So grandpa makes the humane decision at his age and opts for quality over quantity in living out his days. The prognosis with chemotherapy would only slow the cancer by a month or so. I applaud his choice as heroic. This unnatural postponement of death that the medical establishment has sold to the public is arrogant. Thankfully, more doctors are coming to grips with what is possible versus what is right for the patient. Cancer therapy, by its very nature, has a severely debilitating effect on the body during treatment. At eighty-plus years of age, no matter how good a shape you are in, cancer treatments will take a toll on the body.

To continue with the story. This couple has three children, none of whom are able, willing, or prepared to handle the fallout from grandpa's condition. One lives in the area and isn't interested in letting her father's failing health have any impact on her life. A second daughter lives more than 600 miles away and is burying her head in the sand. The only son lives more than 1000 miles away and has already engaged in activities that I would call criminal.

The first daughter is the youngest and has been going through a mid-life crisis of her own making for several years. She is well into her fifties and has been acting less mature than her children in their early twenties. A few indiscretions, subsequent divorce, and a now empty nest have placed her in a state where she is free to party at will. She, therefore, has no interest in seeing to the health and safety of anyone, especially her parents.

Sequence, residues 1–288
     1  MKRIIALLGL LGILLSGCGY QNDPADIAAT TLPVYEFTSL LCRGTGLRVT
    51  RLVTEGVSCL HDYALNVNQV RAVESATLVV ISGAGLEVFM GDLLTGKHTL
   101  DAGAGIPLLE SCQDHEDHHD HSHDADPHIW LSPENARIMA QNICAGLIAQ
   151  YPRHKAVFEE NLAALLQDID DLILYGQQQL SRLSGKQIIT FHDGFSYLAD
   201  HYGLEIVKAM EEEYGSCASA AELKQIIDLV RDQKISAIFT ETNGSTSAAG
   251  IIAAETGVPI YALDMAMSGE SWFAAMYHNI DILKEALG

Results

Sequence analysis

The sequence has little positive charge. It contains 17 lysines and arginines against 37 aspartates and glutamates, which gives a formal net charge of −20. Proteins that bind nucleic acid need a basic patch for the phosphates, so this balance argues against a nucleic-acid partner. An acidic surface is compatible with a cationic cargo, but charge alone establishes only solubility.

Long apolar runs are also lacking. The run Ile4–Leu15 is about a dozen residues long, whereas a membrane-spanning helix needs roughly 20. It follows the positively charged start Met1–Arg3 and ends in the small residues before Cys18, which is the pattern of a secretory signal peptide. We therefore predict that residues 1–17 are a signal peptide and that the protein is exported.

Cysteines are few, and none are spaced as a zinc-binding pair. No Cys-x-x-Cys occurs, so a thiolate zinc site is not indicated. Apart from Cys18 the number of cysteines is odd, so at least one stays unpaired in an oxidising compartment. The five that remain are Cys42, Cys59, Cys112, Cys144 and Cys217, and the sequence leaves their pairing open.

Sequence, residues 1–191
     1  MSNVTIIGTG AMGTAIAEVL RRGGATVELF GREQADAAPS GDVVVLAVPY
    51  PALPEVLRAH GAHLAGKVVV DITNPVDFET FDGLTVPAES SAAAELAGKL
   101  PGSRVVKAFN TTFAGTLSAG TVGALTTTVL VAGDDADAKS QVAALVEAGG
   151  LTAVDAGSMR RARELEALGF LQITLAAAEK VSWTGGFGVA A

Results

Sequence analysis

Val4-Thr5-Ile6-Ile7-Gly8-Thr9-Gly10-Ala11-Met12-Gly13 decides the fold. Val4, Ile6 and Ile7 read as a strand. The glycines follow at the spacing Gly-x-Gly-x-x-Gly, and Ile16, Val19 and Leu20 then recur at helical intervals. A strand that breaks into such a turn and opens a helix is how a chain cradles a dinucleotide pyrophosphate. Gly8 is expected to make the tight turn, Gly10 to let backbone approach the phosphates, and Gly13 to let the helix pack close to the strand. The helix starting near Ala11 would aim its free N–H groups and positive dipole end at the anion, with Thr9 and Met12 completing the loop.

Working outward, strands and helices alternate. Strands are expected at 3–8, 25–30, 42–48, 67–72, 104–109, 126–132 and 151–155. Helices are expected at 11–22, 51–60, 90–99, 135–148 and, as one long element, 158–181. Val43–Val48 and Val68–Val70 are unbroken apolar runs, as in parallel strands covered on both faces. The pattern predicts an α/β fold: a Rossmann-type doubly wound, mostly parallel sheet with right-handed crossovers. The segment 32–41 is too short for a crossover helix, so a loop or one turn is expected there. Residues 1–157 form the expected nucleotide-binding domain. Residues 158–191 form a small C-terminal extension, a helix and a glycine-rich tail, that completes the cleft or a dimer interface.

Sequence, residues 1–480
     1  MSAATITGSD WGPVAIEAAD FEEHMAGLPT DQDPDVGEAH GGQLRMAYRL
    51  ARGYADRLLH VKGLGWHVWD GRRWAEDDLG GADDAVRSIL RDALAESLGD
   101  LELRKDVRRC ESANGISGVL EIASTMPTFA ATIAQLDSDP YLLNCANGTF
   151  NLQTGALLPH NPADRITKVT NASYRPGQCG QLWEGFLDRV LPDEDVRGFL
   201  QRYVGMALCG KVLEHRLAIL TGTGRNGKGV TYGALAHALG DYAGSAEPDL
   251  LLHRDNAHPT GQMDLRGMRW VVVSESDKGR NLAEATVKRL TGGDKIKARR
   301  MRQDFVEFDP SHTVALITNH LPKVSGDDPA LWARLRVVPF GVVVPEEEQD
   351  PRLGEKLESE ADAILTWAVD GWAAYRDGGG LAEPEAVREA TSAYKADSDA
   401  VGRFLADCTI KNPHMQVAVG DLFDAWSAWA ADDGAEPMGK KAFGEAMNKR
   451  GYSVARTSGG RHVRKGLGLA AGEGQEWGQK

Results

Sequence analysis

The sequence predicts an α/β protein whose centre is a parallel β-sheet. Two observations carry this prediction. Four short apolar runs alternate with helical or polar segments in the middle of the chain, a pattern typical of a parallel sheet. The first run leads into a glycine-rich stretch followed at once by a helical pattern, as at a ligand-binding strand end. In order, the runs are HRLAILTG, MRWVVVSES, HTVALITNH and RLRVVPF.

The second daughter does have considerably more distance between her life and her parents. This woman is in her sixties and retired a couple of years ago. Even though this would seem to give her more freedom, she adopted several children many years ago, and the youngest of those children have yet to get through middle school. Further complicating her relationship to the situation, is this woman's denial. She did visit her parents for a week shortly after hearing the diagnosis. However, she thought the visit was too disruptive, and she should allow her parents to return to their routine.